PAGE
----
Thrive : Reviews
T  h  r  i  v  E
R e v i e w S

(March 1995)

Reviewed By Jamie Tennant

Thrive aren't an exciting band; they aren't a poppy band; hell, they aren't even what some people would call a band, consisting only of Madame Quattorze (vocals) and Deane (machinery). Band or not, this atmospheric bit of technoindstrogoth (yeah, I made that up) stands up for itself, and stands out by itself - especially in the current deluge of that post-grunge indie guitar rock thing.

Sure, Nine Inch Nails were huge last year, but that doesn't ensure that people like like Thrive. Both bands are the same neighbourhood, but while Trent Reznor is the neighbour who shouts at the kids and kicks the dog, Thrive are the creepy couple who sit alone in the living room with the blinds shut. They may not be quite as aggressive, but they're a lot spookier.

"Sophistry", the title track of this EP, is a structural model for the rest of the disc. It starts off quietly, and swells upward until the clacking, clankin' percussion kicks in. Quattorze's vocals are sometimes ethereally reminiscent of Cocteau Twins' Elizabeth Frazer. Her despairing lyrics set the tone, yet perhaps the best song - "Melancholia remix" - has no vocals at all, only tweaks and blips. A classic. Oddly, there is something inexplicably sexual about the rhythms on "Sophistry", and that, perhaps isthe only true Reznoresque thing about it. So consider this: for scary fun, go visit Trent's house and let him yell at you. For a truly haunting experience, though, go around the corner and join Thrive for tea. Just don't go in the basement.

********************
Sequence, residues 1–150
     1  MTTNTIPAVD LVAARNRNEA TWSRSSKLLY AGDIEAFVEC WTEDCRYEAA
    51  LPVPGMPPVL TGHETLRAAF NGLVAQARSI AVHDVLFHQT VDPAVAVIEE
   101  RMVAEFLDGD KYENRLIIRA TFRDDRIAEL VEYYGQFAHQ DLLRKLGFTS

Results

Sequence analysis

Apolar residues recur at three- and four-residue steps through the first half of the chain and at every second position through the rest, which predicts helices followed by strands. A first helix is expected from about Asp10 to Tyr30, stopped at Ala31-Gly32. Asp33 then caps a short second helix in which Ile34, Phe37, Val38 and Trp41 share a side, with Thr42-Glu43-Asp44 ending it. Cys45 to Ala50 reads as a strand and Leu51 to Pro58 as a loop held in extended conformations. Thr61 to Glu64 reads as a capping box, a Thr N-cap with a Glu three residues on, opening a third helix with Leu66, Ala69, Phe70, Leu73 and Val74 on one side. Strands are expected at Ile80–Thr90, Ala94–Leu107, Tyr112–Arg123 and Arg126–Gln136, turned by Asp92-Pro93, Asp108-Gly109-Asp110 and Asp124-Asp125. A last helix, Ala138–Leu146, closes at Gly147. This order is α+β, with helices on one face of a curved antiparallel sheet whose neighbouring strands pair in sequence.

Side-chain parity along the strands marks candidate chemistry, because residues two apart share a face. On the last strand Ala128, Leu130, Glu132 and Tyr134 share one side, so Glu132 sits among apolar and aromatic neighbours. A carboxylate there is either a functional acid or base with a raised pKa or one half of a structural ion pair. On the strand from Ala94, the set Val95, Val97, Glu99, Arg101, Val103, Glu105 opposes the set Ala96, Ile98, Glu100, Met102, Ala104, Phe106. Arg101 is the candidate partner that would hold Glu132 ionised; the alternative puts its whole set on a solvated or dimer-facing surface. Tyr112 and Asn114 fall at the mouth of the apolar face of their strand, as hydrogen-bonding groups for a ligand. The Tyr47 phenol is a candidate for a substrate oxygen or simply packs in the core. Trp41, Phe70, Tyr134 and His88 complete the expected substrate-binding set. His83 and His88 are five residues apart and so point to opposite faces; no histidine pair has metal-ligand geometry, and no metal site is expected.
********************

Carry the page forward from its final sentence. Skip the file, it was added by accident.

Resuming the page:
(Issue #8; Feb '94)

Thrive (Self-titled EP)
Reviewed By JS

An experimental Goth/Industrial band, Thrive has an intoxicating way of opening up your mind and letting the music flow right in. This is great! It's got everything from hard guitars and machines to classical backgrounds and dreamy voices. The new Goth duo, Madame Quatorze and Deane, work very well together and bring a new definition to Goth/Industrial music. This very original band from Toronto will soon make it very big in the clubs. Madame Quattorze's beautiful voice sings about obsessiveness, psychological imbalance and death. The lyrics and music are so powerful. Finally, a new band with some real talent and originality. If you can get your hands on this, you won't be let down.


Reviewed By Eddie Lunchpail

Wow, it's amazing what a band can do in only a year and half. I thought their first release thrive (1993) was good, this is simply great! It appears that Thrive is striving for a more electronic sound, and does it ever work! You just have to listen to the title track to be convinced of this. This is beginning to sound cliched, but "painful female vocals, powerful electronic music, too elaborate to be just simple soundscapes". The jewel of "Sophistry" is the song "Hollowmen", which appeared on their first release (Just imagine female spirits whispering in your ears, penetrating your senses, and beat the will make your heart burst). I should also make mention that Thrive enlisted the help of Anthony H who helped mix and edit this release. An excellent decision musically.